Islamic Newspaper: What answer to the social question regarding jihadism do you propose?

Olivier Roy: Apart from the normal security and police measures, we need a counter-model of integration and a religious counter-discourse, starting from the Muslim strata in Europe. In short, instead of hunting down the strict believers (which leads to opening the door to the radicals) we need to legitimise an integrated Islam. We must also favour the social advancement of young, immigrant Muslims. But the key to this lies not so much in policies as in the ability of European Muslims to take their destiny into their own hands. The key issue lies in the emergence of immigrant-derived elites.

Islamic Newspaper: Is it impossible to accept Western values without participating in its prosperity?

Olivier Roy: First, you don’t really know what Western values are. Are they the liberal values of the 1960s or the Christian, more conservative values as represented by the Catholic Church? Then the problem is not so much income as social recognition, and that can only come from the rehabilitation of an ethic of common sense (and not just social advancement). The growing particularisation of our society, the widening gap between income and the social significance of a job (a “bullshit job” pays ten times as much as the job of a governess) make it difficult to follow values that are officially proclaimed but seem to be permanently ridiculed in European societies.

Islamic Newspaper: Living conditions in the West are still far more pleasant than in most oriental countries. Don’t the jihadist nihilists want to see that?

Olivier Roy: They don’t care, and definitely. The great nihilists are never “the damned of the earth.” Those who seek death don’t care about living conditions.

Islamic Newspaper: Do the official representatives of Islam, whether in France or in Austria, speak loudly enough when they condemn jihadist strikes?

Olivier Roy: Well, they are in an impossible position. You only listen to them when they say what you want to hear them say. For their voice to carry more weight, they would have to speak out in the first place about things that concern them concretely, and they would have to be listened to. Only then would their voice be heard among Muslims.

Islamic Newspaper: Is it a mistake to blame “Islam” for “Islamist” attacks?

Olivier Roy: “Islam” does not exist, at least any more than “Christianity” (both Trump and Pope Francis both refer to the Gospels). What there is, are Muslims. And they have very different ideas of what Islam is. The question “what does the Qur’an say?” is uninteresting because there is no answer to it (there are as many answers as there are experts). The real question is: “what do Muslims say about what the Qur’an says?”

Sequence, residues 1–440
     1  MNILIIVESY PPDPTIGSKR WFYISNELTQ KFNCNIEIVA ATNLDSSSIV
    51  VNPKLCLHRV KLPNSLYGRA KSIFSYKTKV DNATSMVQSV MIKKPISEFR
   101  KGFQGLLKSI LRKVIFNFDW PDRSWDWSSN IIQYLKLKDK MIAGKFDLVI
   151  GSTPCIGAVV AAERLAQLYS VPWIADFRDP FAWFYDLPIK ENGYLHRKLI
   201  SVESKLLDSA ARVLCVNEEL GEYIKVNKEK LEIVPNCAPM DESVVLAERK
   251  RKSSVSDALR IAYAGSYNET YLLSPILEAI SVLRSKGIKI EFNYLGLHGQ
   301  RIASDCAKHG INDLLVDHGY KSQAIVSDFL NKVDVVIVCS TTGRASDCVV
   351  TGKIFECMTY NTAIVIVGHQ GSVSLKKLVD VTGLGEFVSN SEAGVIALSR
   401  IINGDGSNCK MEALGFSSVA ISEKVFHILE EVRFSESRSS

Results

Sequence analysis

Islamic Newspaper: the Vienna attack was the first large-scale Islamist attack in Austria. Compared to that, France is used to jihadist attacks, so to speak. Why is France the preferred target of such attacks?

Olivier Roy: First, because France is by far the largest gathering place of young, “alienated” Muslims: especially Maghrebians who have even lost the language of their grandparents. Secondly, because French secularism tends to criminalise the religious in general when it is expressed in the public space (and not only Islam, as can be seen in the example of the repression of Catholics demonstrating for the reopening of churches during the Corona crisis). French secularism exacerbates religious tensions, as can be seen in the example of the Charlie Hebdo cartoons. But at the same time, one cannot ignore the “aleatoric” side of the terrorist attacks: There is no special reason for it to hit Austria, but it is enough that a terrorist finds himself there to commit the deed.

Islamische Zeitung: Europe’s colonial past has been discussed with much acrimony in the feuilletons this year. One cannot accuse intellectuals and politicians in Europe of not caring about our moral responsibility. But the “preachers of hate” do not hear us. Is the West’s self-criticism in vain in the end?

Olivier Roy: I am very sceptical about the “postcolonial” argument. None of the terrorists refer to colonial history, none of them went back to their home country to fight. They all prefer the “exotic” jihad (Afghanistan, Syria, Bosnia). How is it that the war waged by the French army in the Sahel does not provoke acts of terrorism? Why has it not driven any young person of Sahel origin to act in France? And why is it that countries without a colonial past, such as Denmark, Germany, Austria (meaning colonies in the area where Islam spreads, editor’s note), become victims of terrorism, while colonial powers such as Italy do not?

Islamic Newspaper: One of the most powerful political slogans of this year was Black lives matter (BLM). Unlike the German-speaking countries, France has a very large Black minority. Are there relevant ideological points of contact between this minority and the jihadist milieu?

Olivier Roy: Not at all. The French counterpart to BLM, for example the Traoré Committee, counts many Muslims because they occupy in principle the same social sphere as African Americans in the USA. None of them have been associated with jihad or terrorism. None of the youth involved in this movement have joined ISIS in Syria. The 2005 riots, which started from clashes between youth in the banlieue and the police, never used “Islamist” slogans or “Islamist” methods. The religious factor does not play a role in the mobilisation of young Black people in France. They can be Muslims, “Christians,” “Black Identitarians” or simply young banlieue French.

Islamic Newspaper: Does the education system have to change? In the Federal Republic, teachers have little power, especially when confronted with pupils from certain milieus. What is the situation in France?

Olivier Roy: The school system is in a bad way, and in difficult neighbourhoods the situation is even worse: classes that are too big, absenteeism of teachers, rebellion of young people. Young, inexperienced teachers are sent to the banlieue first, there is no supervision outside of class, etc. In addition, the compulsory laicism lessons seem very hypocritical: how are you supposed to make young people from the banlieue understand that freedom, equality, and fraternity lie in laicism!

Islamic Newspaper: Shouldn’t the new authoritarianisms be countered with secular authority? The jihadist as well as the right-wing?

Olivier Roy: For that, an authoritarian discourse would have to be credible. And we are far from that.

Islamic Newspaper: Are terrorism, radicalisation, and social segregation simply part of pluralism?

Olivier Roy: Not necessarily. Authoritarian states also knew these problems (Russia before the revolution) and still know them (Egypt). The problem of democratic states is: how to fight radicalism while remaining democratic?

Islamic Newspaper: Is a future without Islamist (and also racist) attacks a utopia?

Olivier Roy: The problem is: if one day we should be rid of jihadism (and perhaps also racism): who will take their place?

Islamic Newspaper: Professor Roy, thank you for this interview.